A Tribute to a Lost Spirit

January 4, 2019
Aaron Kirkpatrick

Bethesda, Maryland, United States

Class of 2020

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Right before rapper Mac Miller passed away, he released his final album, titled “Swimming”. This album was overlooked as it came out at the same time as Travis Scott’s highly anticipated album “Astroworld”. There is a stigma that as a white rapper you have to perform a certain way to be successful, which is how Mac spent most of his career, but eventually, he learned that success is not important if it means giving yourself up. Because of this, instead of being the standout rapper he normally was, he decided to take a step back and reflect. Reflecting on his past addiction was not an easy path for Mac because in the midst of the stress and depression of his peaking career, he believed that the only way for him to feel better was through drugs.

An infamous quote that truly embodies his addiction is shown in a video when he says, “I’m not on drugs, the drugs are on me”. He also gets very personal about his addiction on his first song of the album dubbed “Come Back to Earth”, where he talks about his regrets, putting an emphasis on the need for a way out. He found relief in the form of drugs, which he admits by saying, “and I was drowning, but now I'm swimming through stressful waters to relief”. Over time, his drug addiction engulfed him and influenced each of his highly popular albums. He admits that he went through too much and sacrificed too much to discredit these albums, even if he was on drugs when producing them.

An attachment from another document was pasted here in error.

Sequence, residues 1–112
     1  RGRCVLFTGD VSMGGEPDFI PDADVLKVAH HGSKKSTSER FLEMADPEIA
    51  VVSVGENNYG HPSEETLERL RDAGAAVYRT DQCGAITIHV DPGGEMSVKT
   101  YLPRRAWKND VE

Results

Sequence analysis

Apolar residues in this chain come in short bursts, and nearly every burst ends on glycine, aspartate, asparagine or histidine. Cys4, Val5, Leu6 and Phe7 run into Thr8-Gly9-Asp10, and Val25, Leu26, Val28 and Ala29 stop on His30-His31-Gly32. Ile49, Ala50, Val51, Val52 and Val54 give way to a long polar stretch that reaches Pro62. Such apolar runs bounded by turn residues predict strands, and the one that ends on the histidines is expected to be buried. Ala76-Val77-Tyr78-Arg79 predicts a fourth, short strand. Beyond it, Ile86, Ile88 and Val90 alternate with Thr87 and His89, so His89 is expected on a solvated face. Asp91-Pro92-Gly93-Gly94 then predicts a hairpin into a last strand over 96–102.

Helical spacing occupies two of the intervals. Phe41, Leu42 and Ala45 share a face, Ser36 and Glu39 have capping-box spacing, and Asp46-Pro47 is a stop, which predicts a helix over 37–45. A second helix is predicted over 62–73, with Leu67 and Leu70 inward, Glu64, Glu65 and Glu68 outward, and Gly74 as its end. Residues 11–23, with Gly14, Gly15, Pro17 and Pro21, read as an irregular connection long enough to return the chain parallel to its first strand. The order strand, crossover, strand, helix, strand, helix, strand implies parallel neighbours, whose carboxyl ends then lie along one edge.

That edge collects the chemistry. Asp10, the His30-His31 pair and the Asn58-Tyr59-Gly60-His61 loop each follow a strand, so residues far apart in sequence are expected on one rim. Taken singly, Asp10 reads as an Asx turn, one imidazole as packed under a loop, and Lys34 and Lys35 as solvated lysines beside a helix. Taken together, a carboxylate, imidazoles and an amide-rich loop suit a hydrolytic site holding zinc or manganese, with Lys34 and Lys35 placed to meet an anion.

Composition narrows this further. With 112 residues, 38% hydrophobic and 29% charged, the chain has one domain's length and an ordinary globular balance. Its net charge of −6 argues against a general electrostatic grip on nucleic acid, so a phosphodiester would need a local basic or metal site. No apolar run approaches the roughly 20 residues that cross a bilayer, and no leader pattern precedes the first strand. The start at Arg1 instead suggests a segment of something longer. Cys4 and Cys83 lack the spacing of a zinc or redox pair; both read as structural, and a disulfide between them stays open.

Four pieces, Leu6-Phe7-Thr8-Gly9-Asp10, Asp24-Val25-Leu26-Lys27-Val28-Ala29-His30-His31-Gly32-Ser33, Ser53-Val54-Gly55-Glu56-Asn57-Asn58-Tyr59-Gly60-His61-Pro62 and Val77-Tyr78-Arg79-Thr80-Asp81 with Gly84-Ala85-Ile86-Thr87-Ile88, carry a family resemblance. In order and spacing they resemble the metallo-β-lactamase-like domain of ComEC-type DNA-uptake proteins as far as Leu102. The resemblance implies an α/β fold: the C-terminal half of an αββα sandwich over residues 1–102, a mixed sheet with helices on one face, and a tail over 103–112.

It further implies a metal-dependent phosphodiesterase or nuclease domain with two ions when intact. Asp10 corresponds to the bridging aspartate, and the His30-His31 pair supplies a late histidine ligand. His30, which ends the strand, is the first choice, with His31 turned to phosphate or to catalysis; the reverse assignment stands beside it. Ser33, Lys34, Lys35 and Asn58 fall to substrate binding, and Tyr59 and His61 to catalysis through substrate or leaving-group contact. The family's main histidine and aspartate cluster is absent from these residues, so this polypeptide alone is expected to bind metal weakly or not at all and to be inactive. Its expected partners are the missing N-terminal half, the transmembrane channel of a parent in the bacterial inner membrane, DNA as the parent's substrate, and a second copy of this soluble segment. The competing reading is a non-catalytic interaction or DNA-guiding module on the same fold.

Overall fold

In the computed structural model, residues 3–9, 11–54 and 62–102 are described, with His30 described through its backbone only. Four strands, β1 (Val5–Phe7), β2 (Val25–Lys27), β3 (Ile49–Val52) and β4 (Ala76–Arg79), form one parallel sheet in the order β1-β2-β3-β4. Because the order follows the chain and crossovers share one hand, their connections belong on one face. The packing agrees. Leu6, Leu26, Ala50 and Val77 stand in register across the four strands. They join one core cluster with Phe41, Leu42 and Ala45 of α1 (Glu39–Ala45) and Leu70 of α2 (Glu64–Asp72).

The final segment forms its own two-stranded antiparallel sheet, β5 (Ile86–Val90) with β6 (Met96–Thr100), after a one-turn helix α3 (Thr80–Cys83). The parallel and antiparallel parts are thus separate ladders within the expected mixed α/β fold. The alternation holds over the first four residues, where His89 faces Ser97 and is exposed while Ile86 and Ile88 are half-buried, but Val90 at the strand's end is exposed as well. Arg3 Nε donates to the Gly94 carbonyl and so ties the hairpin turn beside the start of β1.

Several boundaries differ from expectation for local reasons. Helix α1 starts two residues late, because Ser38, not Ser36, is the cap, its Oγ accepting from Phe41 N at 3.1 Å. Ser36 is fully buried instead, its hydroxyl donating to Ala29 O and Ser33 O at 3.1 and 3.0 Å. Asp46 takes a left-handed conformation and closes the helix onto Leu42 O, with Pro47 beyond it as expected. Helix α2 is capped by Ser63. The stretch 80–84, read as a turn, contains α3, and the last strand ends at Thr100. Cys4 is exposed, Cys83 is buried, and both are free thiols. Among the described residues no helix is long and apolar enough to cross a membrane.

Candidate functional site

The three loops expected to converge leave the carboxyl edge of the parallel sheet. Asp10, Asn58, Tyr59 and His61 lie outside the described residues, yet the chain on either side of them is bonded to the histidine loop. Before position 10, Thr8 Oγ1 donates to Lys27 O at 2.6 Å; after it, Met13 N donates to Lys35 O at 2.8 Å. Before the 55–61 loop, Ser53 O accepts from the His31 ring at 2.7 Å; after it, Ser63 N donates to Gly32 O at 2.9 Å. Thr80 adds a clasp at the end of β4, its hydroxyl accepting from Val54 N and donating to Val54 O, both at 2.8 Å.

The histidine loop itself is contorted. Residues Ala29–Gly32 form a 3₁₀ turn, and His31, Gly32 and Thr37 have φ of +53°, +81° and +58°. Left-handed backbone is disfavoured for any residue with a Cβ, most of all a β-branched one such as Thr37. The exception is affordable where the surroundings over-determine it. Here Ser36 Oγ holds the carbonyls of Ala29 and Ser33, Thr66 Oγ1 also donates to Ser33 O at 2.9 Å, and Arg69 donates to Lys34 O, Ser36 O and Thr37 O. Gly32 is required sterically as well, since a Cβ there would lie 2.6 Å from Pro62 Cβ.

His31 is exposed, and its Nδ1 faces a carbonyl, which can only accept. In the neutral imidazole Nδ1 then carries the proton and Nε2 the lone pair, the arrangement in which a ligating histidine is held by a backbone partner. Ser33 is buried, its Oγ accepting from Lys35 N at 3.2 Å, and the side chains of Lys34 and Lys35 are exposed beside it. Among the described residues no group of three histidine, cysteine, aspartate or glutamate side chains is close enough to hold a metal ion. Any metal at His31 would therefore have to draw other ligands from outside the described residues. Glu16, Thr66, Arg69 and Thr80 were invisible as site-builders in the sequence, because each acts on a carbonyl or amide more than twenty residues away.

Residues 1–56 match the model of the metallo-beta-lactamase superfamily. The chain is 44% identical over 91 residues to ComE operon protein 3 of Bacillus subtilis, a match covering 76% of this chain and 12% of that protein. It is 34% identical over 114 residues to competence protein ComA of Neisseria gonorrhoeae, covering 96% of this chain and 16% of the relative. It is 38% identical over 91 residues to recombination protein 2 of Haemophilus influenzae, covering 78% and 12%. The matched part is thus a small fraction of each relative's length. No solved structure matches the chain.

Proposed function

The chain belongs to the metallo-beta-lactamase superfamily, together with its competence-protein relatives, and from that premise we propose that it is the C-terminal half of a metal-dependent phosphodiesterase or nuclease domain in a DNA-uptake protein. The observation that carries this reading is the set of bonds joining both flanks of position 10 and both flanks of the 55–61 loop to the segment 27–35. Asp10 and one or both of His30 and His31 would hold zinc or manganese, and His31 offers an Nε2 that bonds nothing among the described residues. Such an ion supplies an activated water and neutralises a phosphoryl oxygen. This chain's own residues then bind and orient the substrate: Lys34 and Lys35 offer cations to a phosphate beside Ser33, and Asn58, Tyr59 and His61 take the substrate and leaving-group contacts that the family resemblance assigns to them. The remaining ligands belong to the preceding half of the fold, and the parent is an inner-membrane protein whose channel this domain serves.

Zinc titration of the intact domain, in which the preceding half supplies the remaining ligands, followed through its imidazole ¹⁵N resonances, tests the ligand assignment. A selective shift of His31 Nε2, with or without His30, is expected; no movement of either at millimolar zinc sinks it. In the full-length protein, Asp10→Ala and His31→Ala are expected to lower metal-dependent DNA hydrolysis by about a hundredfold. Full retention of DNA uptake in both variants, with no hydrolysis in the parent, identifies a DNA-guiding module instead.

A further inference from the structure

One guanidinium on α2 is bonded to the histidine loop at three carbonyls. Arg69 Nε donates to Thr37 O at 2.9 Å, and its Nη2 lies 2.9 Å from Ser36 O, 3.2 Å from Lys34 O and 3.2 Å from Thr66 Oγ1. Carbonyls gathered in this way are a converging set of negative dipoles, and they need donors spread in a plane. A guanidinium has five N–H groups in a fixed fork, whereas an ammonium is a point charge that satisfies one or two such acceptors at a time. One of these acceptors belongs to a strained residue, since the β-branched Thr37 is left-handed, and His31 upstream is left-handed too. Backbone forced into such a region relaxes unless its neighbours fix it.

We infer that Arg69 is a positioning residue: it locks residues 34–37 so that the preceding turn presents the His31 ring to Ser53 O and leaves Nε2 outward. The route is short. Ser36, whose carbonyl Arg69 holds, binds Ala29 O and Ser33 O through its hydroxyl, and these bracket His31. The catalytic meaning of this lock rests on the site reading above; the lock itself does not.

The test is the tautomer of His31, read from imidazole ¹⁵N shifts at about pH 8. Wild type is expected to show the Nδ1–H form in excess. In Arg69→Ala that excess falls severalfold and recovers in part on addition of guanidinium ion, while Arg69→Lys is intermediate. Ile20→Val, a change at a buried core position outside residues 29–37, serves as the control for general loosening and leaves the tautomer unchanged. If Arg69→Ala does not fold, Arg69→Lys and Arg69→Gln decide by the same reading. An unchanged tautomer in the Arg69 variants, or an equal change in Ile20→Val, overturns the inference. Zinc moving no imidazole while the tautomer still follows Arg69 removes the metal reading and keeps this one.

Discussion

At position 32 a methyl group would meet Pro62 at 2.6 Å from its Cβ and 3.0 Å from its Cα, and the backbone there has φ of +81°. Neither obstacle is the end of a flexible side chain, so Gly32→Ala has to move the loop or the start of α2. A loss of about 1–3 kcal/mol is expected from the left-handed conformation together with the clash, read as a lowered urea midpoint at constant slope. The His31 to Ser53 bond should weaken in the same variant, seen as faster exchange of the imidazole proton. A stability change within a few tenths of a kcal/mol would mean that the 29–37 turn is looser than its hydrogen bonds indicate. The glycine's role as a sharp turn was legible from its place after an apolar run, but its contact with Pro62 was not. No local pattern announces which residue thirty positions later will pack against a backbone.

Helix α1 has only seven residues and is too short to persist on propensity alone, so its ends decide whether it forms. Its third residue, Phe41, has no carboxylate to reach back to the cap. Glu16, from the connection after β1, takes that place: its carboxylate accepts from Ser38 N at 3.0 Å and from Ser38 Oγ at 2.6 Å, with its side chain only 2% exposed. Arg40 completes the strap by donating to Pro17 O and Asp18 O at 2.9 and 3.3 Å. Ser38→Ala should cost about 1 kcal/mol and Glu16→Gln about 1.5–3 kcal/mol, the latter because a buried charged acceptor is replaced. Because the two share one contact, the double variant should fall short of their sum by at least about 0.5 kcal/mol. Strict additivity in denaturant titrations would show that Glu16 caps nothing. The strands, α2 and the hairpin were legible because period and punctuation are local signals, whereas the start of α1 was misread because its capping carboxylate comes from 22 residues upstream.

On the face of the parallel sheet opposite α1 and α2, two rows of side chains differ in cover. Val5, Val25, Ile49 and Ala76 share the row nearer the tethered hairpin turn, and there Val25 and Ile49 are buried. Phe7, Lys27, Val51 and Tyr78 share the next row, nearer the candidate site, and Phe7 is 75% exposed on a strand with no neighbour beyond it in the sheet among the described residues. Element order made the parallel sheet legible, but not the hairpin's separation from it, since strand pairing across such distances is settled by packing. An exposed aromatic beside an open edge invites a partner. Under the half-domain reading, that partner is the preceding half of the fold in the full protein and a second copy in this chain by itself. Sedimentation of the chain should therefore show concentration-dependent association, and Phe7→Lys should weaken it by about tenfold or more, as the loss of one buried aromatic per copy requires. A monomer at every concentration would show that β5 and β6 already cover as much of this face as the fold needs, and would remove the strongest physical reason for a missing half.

After stepping out of the spotlight of rap, he moved into an apartment by himself, where he had an identity crisis. He shares this on the eighth song, which is titled “Small Worlds”, and talks about how people believe they are just a speck of dust and that they don’t matter, yet that is not the truth. One of the lines is “the world is so small till it ain’t”, revealing Mac’s unorthodox view of the world which he formed while both on and off drugs within this album.

His most introspective and reflective song of the entire album is “2009”. The title alone tells a story, the story of how Mac Miller became Mac Miller. 2009 was one year before Mac Miller released his mixtape “KIDS” that sparked his career. Aside from the name of the song, he also mentions how much he has learned throughout his career, “I ain't asking why no more I know I'll take it if it's mine I don't stay inside the line It ain't 2009 no more yeah, I know what's behind that door”.  The track overall is a reflection of the lessons he has learned and the wisdom he has gained throughout his career. His last album showed the impact Mac Miller wanted to leave on this generation to be felt by all of us was that he  “wan[ted] be positive as a human being and through music, but I also want[ed] to have low points”.

Rest Easy Mac, a true pioneer.

Aaron Kirkpatrick is an Aleph from Northern Region East: DC and loves being a punter.

All views expressed on content written for The Shofar represent the opinions and thoughts of the individual authors. The author biography represents the author at the time in which they were in BBYO.

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